The long-term goal of this research is to establish how parenteral lipid nutrition regulates hepatic metabolic function and alters the risk of liver disease in infants. Infants given total parenteral nutrition (TPN) have increased risk for metabolic liver diseases. Our preliminary studies in premature piglets show that TPN enriched with phytosterols and n-6 fatty acids (FA) induces hepatic cholestasis, steatosis and inflammation compared to enteral nutrition. TPN also suppresses plasma FGF19, a product of farnesoid X receptor (FXR), and treatment with an FXR-agonist reverses cholestasis in TPN-fed piglets. Our central hypotheses is that parenteral lipid nutrition devoid of phytosterols and enriched with n-3 vs. n-6 FA and will prevent the TPN- associated hepatic cholestasis and steatosis in premature TPN-fed piglets via activation of FXR.
AIM 1 will test whether parenteral lipid nutrition devoid of phytosterols prevents hepatic metabolic dysfunction independent of lipid load TPN-fed premature pigs. We will use in vivo metabolic (13C-bile acid turnover and 13C-palmitate oxidation kinetics) and liver transcriptomic and metabolomic approaches to systematically quantify metabolic pathways in hepatic bile acid and lipid metabolism. RNAseq analysis and metabolomic profiling will be used to identify differential expression of potentially novel hepatic genes and gene networks.
Aim 2 will test whether phytosterols present in parenteral soybean-lipid emulsions induce cholestasis and metabolic liver disease via antagonism of FXR receptor function. We will measure 13C-bile acid turnover kinetics, serum biochemical markers, liver histopathology, and tissue expression of FXR and FXR target genes, especially CYP7A1, involved in bile acid metabolism. We will use hepatocytes to measure expression of FXR activity and establish the specificity of the molecular mechanisms using individual phytosterols as well as an agonist and antagonist of FXR.
AIM 3 will test whether intestinal FGF19 secretion stimulated by natural and novel FXR- selective bile-acids prevents TPN-induced cholestasis by feedback regulation of FXR and CYP7A1 signaling. We will measure 13C-bile acid turnover kinetics, serum markers, liver histopathology, and tissue expression of FXR, FGF19, CYP7A1 and target genes involved in bile acid metabolism. We will use piglet hepatocytes cultures to measure mRNA expression of FXR target genes and FGF receptor-4 signaling in the presence of FGF19, phytosterols and different the lipid emulsions. These studies will test novel mechanisms to establish whether phytosterols in parenteral lipid nutrition adversely affect hepatic metabolic function and disease in a clinically-relevant, neonata animal model. These studies in premature pigs are highly translational and will lead to new clinical practices in nutritional support and prevention of liver disease in infants.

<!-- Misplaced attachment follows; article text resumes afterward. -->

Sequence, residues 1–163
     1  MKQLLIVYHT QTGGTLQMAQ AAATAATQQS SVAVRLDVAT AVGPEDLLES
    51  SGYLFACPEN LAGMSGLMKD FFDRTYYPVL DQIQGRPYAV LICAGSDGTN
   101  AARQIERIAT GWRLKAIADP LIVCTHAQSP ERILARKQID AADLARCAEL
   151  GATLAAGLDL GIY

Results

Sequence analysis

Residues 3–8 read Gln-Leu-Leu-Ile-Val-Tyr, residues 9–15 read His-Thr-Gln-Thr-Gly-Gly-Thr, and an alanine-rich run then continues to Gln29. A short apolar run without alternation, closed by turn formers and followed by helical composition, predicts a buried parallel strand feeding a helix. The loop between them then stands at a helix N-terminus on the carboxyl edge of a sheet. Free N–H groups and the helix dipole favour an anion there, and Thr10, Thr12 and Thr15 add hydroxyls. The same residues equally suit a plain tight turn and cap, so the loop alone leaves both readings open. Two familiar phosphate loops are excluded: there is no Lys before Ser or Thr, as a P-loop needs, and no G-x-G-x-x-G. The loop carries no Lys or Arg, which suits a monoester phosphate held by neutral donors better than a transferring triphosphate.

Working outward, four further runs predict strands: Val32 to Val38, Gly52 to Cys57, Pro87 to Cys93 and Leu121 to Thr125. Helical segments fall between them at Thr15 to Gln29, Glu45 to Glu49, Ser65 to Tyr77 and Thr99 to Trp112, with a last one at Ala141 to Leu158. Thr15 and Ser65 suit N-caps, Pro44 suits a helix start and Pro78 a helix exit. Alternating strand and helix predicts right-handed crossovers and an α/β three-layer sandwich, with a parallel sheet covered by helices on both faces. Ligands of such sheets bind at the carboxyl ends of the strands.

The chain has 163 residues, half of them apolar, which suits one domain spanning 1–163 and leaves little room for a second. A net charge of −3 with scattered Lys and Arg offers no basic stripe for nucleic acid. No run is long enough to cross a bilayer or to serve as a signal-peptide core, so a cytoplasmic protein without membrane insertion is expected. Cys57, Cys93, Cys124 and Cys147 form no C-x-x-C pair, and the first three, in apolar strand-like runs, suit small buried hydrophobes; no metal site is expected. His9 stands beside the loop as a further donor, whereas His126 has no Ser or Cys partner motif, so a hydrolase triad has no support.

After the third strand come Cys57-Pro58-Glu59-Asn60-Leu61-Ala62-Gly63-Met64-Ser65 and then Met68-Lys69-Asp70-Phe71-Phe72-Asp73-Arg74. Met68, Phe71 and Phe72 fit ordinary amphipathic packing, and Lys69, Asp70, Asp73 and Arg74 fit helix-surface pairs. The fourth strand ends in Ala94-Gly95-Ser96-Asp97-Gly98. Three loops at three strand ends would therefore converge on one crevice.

The long-term goal of this research is to establish how parenteral lipid nutrition regulates hepatic metabolic function and alters the risk of liver diseas in infants. These studies will test novel mechanisms to establish whether fatty acids and phytosterols in parenteral lipid nutrition affect hepatic metabolic function and disease in a clinically-relevant, neonatal animal model. These studies in premature pigs are highly translational and will lead to new clinical practices in nutritional support and prevention of live disease in infants.
|Martin, Camilia R; Stoll, Barbara; Cluette-Brown, Joanne et al. (2017) Use of a novel docosahexaenoic acid formulation vs control in a neonatal porcine model of short bowel syndrome leads to greater intestinal absorption and higher systemic levels of DHA. Nutr Res 39:51-60|
|Ng, Kenneth; Stoll, Barbara; Chacko, Shaji et al. (2016) Vitamin E in New-Generation Lipid Emulsions Protects Against Parenteral Nutrition-Associated Liver Disease in Parenteral Nutrition-Fed Preterm Pigs. JPEN J Parenter Enteral Nutr 40:656-71|
|Guthrie, Gregory; Kulkarni, Madhulika; Vlaardingerbroek, Hester et al. (2016) Multi-omic profiles of hepatic metabolism in TPN-fed preterm pigs administered new generation lipid emulsions. J Lipid Res 57:1696-711|
|Sangild, Per T; Ney, Denise M; Sigalet, David L et al. (2014) Animal models of gastrointestinal and liver diseases. Animal models of infant short bowel syndrome: translational relevance and challenges. Am J Physiol Gastrointest Liver Physiol 307:G1147-68|
|Burrin, Douglas G; Ng, Ken; Stoll, Barbara et al. (2014) Impact of new-generation lipid emulsions on cellular mechanisms of parenteral nutrition-associated liver disease. Adv Nutr 5:82-91|
|Vlaardingerbroek, Hester; Ng, Kenneth; Stoll, Barbara et al. (2014) New generation lipid emulsions prevent PNALD in chronic parenterally fed preterm pigs. J Lipid Res 55:466-77|